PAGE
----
Muramasa: The Demon Blade
- Nintendo Wii
- Ignition Entertainment
- A- Community Grade
While much of the world has long since moved on and stringently embraced the third dimension as the only acceptable plane of existence in their videogames, Japanese developer Vanillaware has spent most of this decade exploring untapped possibilities in flatter gaming. Muramasa: The Demon Blade is the latest blow struck for their cause, and while its gorgeous graphics are certain to draw Tex Avery-style catcalling, they can’t mask the signs of age.
Muramasa takes place in Japan’s feudal Genroku era in the late 17th century. You play as either Kisuke the amnesiac rebel ninja or Monohime, a princess possessed by a demon swordsman. While these characters have different quests on the surface, they both play identically and embark on similar adventures—ones that call for a lot of backtracking when not adhering to an itinerary that’s repeated ad nauseam from start to finish: Go from point A to point B, fight a cool-looking boss like a ghost archer on horseback or an enormous flaming caterpillar, and then obtain another sword that unlocks another area. So while the vibrant, hand-drawn renderings of windswept fields, pagodas engulfed in a sunset, and hot springs are nice to look at, they eventually begin to fade into repetitiveness.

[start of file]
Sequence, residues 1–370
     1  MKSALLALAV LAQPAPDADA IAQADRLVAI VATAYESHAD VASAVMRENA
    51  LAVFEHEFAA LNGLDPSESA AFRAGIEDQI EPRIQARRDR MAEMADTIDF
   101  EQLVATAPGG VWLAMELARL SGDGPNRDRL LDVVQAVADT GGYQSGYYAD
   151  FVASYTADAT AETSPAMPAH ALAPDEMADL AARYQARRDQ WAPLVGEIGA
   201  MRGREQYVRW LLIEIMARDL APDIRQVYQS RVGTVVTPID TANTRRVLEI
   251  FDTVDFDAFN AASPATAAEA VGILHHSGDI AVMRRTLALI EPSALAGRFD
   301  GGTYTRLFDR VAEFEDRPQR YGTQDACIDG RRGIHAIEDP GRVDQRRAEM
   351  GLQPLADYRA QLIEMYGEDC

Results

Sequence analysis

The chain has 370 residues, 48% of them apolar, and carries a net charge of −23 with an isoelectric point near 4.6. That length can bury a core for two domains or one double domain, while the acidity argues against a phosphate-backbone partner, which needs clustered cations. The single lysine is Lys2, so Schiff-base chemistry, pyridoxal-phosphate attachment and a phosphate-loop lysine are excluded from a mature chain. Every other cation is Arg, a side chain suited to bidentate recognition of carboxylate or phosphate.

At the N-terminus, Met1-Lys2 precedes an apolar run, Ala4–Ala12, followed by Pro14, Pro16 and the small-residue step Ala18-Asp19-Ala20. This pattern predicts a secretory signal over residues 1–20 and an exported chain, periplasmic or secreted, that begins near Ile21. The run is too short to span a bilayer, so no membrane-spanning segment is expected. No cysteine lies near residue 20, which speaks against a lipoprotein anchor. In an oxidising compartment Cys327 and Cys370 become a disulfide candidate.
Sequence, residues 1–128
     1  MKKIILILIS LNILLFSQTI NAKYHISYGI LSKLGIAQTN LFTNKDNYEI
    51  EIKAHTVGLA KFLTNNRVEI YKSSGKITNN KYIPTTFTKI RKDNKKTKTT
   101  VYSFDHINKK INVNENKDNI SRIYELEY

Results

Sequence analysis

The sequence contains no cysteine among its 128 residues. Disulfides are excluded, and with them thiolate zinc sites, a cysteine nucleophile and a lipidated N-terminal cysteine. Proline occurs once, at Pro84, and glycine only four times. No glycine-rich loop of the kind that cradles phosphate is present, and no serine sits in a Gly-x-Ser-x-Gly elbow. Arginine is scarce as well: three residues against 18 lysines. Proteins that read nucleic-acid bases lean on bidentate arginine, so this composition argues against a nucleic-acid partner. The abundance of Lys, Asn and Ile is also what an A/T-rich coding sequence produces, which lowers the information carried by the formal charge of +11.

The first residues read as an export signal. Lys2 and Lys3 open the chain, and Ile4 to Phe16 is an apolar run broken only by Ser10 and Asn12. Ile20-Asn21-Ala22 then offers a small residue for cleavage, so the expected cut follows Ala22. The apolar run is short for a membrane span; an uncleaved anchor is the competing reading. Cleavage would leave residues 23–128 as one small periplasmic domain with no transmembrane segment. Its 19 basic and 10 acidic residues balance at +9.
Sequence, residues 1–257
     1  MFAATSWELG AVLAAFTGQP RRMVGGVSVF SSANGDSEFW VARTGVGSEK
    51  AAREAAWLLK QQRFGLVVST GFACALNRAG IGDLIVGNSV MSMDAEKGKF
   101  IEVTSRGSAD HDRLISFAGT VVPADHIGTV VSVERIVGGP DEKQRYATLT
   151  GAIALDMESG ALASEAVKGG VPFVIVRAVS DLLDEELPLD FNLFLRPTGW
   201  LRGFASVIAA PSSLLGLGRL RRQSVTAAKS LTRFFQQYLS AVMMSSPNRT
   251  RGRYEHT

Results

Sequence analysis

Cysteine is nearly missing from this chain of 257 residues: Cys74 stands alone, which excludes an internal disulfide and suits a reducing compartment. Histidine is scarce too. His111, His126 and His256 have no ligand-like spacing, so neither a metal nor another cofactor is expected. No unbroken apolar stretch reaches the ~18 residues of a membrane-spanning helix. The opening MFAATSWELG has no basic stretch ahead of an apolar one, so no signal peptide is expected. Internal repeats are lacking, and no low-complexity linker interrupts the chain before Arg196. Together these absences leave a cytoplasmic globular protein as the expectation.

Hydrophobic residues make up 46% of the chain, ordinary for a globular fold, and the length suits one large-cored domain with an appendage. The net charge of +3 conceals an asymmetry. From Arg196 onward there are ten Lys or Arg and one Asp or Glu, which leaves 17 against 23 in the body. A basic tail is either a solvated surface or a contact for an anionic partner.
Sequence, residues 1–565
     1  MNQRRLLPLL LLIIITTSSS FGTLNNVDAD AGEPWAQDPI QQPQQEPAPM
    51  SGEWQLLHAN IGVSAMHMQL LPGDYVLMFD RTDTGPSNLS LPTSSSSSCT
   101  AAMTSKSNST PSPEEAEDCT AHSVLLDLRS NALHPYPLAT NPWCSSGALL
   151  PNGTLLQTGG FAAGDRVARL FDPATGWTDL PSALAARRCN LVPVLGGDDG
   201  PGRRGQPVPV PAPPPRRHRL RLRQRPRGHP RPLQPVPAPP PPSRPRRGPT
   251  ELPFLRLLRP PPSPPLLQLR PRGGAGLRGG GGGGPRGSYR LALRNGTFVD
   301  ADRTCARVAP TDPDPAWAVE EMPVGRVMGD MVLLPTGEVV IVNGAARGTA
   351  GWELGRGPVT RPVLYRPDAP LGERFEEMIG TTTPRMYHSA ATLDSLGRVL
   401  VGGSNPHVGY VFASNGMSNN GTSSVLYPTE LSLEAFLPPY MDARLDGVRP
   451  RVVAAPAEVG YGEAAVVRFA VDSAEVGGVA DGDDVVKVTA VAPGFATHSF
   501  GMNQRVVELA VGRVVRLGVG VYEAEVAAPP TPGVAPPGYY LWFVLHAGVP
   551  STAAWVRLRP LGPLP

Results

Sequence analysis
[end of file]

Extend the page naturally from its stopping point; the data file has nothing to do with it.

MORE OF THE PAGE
Although the arcade-style action integrates some role-playing-game conventions like randomly occurring battles, leveling up, and strategizing over the most advantageous accessory to equip, Muramasa’s freshest ideas are revealed in combat. Players will spend much of the game either forging or collecting around 100 swords, but while fighting, only three can be unleashed. Mere button-mashing effortlessly racks up 400-hit combos, but there’s a decent amount of strategy involved with parrying, running slashes, and the ever-popular and highly satisfying death-from-above stab. Curiously, just as much thought has been given to the character’s eating habits: Health can only be recovered when Kisuke or Monohime are hungry, which is indicated by a “fullness” meter. And they’re finicky eaters: To heal properly and quickly, players must change up their intake and make sure they aren’t eating the same meal over and over. An arcade-style game, Muramasa is fun in short bursts, but without much depth anywhere—meaning players should only come to the table when they’re especially hungry for it.